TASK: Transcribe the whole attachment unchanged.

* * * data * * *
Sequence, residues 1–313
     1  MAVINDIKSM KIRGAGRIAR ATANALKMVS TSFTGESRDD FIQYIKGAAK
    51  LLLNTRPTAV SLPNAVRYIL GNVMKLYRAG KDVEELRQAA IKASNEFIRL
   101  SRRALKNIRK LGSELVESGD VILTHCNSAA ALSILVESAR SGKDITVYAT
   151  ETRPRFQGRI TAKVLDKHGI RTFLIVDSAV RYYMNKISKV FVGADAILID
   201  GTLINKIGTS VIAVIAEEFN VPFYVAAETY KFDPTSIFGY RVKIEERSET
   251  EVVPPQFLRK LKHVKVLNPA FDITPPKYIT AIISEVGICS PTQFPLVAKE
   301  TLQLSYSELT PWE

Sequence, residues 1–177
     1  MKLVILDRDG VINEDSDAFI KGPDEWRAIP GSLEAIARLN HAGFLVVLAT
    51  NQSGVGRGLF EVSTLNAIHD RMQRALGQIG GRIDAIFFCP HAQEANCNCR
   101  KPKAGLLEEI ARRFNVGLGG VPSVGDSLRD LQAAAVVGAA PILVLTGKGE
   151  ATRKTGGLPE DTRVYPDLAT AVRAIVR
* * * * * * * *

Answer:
Sequence, residues 1–313
     1  MAVINDIKSM KIRGAGRIAR ATANALKMVS TSFTGESRDD FIQYIKGAAK
    51  LLLNTRPTAV SLPNAVRYIL GNVMKLYRAG KDVEELRQAA IKASNEFIRL
   101  SRRALKNIRK LGSELVESGD VILTHCNSAA ALSILVESAR SGKDITVYAT
   151  ETRPRFQGRI TAKVLDKHGI RTFLIVDSAV RYYMNKISKV FVGADAILID
   201  GTLINKIGTS VIAVIAEEFN VPFYVAAETY KFDPTSIFGY RVKIEERSET
   251  EVVPPQFLRK LKHVKVLNPA FDITPPKYIT AIISEVGICS PTQFPLVAKE
   301  TLQLSYSELT PWE

Sequence, residues 1–177
     1  MKLVILDRDG VINEDSDAFI KGPDEWRAIP GSLEAIARLN HAGFLVVLAT
    51  NQSGVGRGLF EVSTLNAIHD RMQRALGQIG GRIDAIFFCP HAQEANCNCR
   101  KPKAGLLEEI ARRFNVGLGG VPSVGDSLRD LQAAAVVGAA PILVLTGKGE
   151  ATRKTGGLPE DTRVYPDLAT AVRAIVR